CA launches freemium Nimsoft Monitor targeting 'emerging enterprises'

The free version dubbed Nimsoft Monitor Snap is aimed at allowing users constrained by resources, many whom are bypassing IT departments, a quick to set up product in the hopes they will spread the word and trade up.

In an approach to hook new customers, CA Technologies has rolled out a free version its Nimsoft Monitor software, which is used to manage and monitor IT resources.

The freemium version, called Nimsoft Monitor Snap, is free for up to 30 monitored devices. It contains most features, but has some stripped out in order for it to be set up in as little as an hour, according to CA Technologies.

"The idea for snap is we wanted to create this visual image that is just so immediate and so tangible in terms of its results, immediate in its time to value," Stephen Miles, vice president of service assurance for Asia-Pacific and Japan at CA Technologies told ZDNet.

CA Nimsoft Monitor Snap vs
An investment in Nimsoft Monitor starts from US$25,000. (source: CA Technologies)

Users bypassing IT departments

The free version is targeted at "emerging enterprises" or higher-end SMBs and departmental or line-of-business customers. Besides being resource constrained, Miles pointed out many of these users were currently cobbling together freeware, because they were frustrated with their IT departments' lacking response.

The demand for monitoring software has also been driven by the trend of IT being aligned with business outcomes, where there have been more efforts to making it more accountable, said Miles.

He noted that had manifested in a form of behavior that has broken out particularly over the past four years, where some frustrated departmental users managed by KPIs around their businesses were forced to try things out themselves, because their IT departments were not moving fast enough or did not have the budgets.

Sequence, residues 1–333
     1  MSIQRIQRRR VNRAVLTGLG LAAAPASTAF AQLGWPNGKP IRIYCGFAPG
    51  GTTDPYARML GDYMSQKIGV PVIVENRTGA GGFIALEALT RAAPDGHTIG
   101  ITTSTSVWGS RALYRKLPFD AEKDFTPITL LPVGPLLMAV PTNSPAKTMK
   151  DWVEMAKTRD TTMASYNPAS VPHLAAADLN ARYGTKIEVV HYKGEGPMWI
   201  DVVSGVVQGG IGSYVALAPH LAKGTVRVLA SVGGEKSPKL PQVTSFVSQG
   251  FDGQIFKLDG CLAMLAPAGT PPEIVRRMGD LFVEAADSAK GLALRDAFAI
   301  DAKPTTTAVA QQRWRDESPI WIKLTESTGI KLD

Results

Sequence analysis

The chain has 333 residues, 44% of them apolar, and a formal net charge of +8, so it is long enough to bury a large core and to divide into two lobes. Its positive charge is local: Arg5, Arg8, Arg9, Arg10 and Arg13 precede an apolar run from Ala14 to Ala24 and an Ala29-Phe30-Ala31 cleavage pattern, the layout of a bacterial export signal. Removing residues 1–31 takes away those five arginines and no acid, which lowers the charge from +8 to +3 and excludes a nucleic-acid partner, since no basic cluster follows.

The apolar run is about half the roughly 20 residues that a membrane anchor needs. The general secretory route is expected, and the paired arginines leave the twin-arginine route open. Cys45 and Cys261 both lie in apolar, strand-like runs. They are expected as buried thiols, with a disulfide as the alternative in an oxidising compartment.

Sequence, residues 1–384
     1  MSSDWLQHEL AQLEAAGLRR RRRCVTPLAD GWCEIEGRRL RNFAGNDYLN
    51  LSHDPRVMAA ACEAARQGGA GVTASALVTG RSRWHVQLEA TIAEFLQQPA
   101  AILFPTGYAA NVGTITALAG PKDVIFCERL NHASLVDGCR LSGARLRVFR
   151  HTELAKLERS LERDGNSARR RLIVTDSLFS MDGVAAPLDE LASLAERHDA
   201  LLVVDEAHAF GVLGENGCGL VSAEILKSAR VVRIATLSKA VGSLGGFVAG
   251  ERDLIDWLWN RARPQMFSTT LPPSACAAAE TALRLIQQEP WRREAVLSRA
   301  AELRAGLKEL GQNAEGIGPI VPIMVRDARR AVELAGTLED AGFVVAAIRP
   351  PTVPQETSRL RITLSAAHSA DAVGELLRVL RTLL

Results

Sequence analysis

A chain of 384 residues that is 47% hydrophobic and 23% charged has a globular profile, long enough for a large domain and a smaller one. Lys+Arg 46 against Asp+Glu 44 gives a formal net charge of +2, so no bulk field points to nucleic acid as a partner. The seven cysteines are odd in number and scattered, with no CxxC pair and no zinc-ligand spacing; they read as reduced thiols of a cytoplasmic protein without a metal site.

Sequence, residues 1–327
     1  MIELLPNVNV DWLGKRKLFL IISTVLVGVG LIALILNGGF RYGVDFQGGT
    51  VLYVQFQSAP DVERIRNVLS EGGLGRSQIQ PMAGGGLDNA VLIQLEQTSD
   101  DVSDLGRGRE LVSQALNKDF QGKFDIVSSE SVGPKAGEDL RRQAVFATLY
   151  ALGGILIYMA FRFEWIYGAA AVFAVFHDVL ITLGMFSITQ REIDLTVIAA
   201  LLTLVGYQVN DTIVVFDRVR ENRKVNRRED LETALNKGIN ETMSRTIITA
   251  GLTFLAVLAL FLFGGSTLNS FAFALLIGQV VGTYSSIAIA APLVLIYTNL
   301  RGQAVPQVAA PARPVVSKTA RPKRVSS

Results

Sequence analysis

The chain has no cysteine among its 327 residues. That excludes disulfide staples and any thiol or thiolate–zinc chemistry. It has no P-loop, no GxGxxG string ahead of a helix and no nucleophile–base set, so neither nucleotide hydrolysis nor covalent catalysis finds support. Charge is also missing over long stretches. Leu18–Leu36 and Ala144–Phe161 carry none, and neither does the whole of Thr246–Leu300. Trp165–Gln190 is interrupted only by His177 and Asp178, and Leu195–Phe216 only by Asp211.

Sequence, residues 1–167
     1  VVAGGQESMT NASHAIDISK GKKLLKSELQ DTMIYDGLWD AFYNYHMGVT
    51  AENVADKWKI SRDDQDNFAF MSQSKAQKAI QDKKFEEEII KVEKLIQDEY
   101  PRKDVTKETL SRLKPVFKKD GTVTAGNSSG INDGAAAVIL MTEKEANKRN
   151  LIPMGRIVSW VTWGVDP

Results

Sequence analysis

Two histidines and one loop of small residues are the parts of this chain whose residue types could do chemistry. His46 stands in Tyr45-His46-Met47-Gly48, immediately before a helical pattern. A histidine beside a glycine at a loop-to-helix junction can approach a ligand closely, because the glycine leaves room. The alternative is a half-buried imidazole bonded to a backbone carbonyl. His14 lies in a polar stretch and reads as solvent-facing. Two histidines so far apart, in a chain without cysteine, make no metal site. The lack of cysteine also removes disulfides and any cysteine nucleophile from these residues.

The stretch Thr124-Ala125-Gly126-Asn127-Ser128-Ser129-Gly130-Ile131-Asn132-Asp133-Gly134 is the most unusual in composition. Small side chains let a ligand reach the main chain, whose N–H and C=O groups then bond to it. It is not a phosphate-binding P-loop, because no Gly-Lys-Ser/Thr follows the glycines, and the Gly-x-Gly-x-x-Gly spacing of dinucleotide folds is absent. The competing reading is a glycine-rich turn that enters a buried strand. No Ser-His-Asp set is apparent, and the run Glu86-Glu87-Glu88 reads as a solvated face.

"One of two things happen. Either that organization gets forced into adopting stuff which is already installed working and operational and successful, or it sort of creates cycles where it's necessary to make rapid decisions in the evaluation of products," Miles said.

Targeting potential customers earlier, especially in Asia

This also meant that people were buying and evaluating products differently, he pointed out, particular making decisions much earlier in the life cycle of the company--a key reason to reach out to these users early.

"In Asia, there's another driver, this whole notion of this very large cashed up, growing and powered up base of emerging enterprise companies, who probably have a younger generation of employees, so to them IT comes second nature," said Miles. He explained this meant they were more open to bypassing their IT departments to try software.

The vice president of service assurance said the goal of the free version was to promote an experience of a "well regarded and widely appreciated" product that would become viral and push broader adoption. One feature that has also been rolled out is a community forum called Snap Central, to encourage peer sharing of ideas and best practices.

make new friends
Community forum called Snap Central will encourage peer sharing of ideas and best practices. (source: CA Technologies)

The free version is built on the Nimsoft Monitor Release 7 code base, and will be provided in English, Chinese, Japanese, Spanish, and Brazilian Portuguese. Competing products to Nimsoft Monitor Snap include SolarWinds' monitoring tools and Spiceworks.